Mining of Cobalt

Let’s dig more into the mining thing. More than 50% of the world’s cobalt comes from Congo. But, it’s not about quantity only. Congo’s mineral ores tend to contain about 3% cobalt, compared to the global average of 0.6% to 0.8%. As electric cars putting pressure on cobalt demand, global production of cobalt has been increasing rapidly and it has been doubled in the last decade. Production rates have risen even faster in Congo. A decade ago it was mining half of the world’s cobalt and now it produces more than two-third.

The question is who is going to control the supply chain of this precious and finite resource in the future? Cobalt is also part of lithium-ion batteries used in mobiles, laptops, tablets, bluetooth headphones, and electric toothbrush. It’s also used as catalysts within the oil and gas industry.

Cobalt – A Precious and Finite Natural Resource

You might think that with so many natural resources, Congo must be one of the world’s richest countries. Unfortunately, Congo is one of the world’s poorest countries. More than 60% people live on less than $2 per day. 80% people even don’t have access to electricity, or safe drinking water.

The economic situation of Congo is horrible because its natural wealth has been plundered for years by the outsiders through their proxies. For instance, Congo’s former President Mobutu Sese Seko’s rule from 1965 to 1997 was an appalling era eclipsed with economic exploitation and corruption, which contributed to human rights violations, uncontrolled inflation, ballooning debt, and massive currency devaluations.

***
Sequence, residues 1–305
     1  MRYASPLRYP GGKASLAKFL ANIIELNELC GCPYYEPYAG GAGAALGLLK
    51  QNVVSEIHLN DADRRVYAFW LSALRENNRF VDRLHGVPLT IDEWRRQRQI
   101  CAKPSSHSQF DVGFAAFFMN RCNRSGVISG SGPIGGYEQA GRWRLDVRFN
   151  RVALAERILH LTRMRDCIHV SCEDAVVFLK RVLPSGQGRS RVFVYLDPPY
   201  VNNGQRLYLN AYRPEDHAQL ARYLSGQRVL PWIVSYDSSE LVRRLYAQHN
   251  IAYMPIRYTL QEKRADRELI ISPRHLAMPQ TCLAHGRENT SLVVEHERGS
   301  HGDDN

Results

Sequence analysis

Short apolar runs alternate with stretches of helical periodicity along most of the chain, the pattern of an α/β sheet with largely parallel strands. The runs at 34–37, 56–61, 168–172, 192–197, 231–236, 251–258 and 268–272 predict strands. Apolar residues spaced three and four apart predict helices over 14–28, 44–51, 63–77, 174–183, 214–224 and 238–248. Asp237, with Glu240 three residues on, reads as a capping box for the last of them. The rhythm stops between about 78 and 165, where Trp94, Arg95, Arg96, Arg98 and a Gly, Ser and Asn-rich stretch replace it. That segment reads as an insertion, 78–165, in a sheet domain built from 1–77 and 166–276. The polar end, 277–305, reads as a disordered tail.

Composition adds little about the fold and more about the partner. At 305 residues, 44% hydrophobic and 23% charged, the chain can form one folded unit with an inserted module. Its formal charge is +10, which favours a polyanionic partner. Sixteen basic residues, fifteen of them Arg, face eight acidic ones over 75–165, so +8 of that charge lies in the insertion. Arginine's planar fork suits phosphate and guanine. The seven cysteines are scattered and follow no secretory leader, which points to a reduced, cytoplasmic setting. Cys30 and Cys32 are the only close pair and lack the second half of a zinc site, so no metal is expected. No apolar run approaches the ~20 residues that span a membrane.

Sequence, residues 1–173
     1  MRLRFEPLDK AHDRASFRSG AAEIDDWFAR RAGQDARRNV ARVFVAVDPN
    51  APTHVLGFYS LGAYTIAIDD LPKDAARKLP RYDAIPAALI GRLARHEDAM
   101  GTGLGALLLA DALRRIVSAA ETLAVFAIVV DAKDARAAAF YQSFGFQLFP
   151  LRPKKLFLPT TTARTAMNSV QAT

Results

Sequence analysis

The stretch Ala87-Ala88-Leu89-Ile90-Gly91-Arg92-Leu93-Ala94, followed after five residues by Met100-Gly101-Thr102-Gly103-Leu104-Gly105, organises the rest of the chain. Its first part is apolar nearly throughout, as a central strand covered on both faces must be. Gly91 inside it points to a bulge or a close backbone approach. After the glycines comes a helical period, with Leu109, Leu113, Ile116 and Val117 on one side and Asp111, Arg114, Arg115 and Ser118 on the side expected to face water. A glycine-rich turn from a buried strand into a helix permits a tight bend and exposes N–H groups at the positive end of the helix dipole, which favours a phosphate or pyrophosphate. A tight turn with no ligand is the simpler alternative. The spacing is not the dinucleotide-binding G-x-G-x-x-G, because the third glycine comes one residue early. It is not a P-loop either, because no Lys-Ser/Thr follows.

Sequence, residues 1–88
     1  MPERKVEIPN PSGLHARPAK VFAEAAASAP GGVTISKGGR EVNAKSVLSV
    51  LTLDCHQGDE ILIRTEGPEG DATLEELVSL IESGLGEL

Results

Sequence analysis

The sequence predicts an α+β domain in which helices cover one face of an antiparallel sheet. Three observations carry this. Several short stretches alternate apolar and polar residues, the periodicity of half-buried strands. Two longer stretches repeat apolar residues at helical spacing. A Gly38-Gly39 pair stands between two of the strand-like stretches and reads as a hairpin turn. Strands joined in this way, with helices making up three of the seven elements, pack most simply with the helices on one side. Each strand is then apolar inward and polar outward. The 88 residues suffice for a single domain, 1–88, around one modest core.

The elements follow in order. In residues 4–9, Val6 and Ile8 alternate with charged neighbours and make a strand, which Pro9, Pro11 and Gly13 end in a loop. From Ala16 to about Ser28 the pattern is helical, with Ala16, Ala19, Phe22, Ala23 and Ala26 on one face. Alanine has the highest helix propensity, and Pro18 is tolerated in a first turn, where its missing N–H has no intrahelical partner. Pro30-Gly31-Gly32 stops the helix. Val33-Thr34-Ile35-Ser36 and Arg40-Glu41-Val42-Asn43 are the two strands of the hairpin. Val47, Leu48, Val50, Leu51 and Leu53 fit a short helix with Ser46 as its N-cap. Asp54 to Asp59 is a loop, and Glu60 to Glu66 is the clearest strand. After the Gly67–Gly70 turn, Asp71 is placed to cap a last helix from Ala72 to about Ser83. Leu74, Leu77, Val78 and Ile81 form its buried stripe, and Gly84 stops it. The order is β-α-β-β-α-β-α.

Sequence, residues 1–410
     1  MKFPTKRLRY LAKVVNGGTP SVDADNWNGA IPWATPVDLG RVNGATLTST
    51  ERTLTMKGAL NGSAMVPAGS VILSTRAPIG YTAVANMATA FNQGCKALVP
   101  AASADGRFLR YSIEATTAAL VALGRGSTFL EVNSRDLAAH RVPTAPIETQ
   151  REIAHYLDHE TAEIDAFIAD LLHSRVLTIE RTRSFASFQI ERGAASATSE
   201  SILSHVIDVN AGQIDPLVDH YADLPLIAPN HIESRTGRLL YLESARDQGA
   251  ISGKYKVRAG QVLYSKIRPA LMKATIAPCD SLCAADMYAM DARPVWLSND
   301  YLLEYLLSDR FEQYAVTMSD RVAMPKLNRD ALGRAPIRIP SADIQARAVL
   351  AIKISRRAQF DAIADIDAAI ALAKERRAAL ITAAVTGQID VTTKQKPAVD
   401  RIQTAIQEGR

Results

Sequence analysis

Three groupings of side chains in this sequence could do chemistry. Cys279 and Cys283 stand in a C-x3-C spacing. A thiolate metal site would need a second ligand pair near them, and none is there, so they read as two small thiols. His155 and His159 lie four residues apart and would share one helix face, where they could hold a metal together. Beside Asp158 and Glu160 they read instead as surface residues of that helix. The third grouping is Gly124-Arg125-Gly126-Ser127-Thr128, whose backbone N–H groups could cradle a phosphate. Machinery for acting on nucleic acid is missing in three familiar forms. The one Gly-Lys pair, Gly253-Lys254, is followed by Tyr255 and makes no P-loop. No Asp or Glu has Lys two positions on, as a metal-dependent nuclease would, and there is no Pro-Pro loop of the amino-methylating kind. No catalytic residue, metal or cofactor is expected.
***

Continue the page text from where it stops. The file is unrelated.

Anyways, there are two forms of cobalt mining in Congo, Industrial mining and Artisanal mining. Industrial mines are typically owned by international corporations. Working conditions are terribly poor there, but are nonetheless run as legal operations with some safeguards in place.

In Artisanal mining, there is no formal employment. Individuals go out to mine minerals on their own. Around 10% to 20% of Congo’s cobalt is extracted from these Artisanal mines.

The Risks Associated with Cobalt Mining

Cobalt mining is extremely dangerous. Unlike some other minerals such as Gold, cobalt deposits can be 70 to 150 meters below the surface. It means moving entire blocks of rock at one time and there’s always risk of mines collapsing. Injuries and fatalities from collapsing mines, or tumbling rocks are common.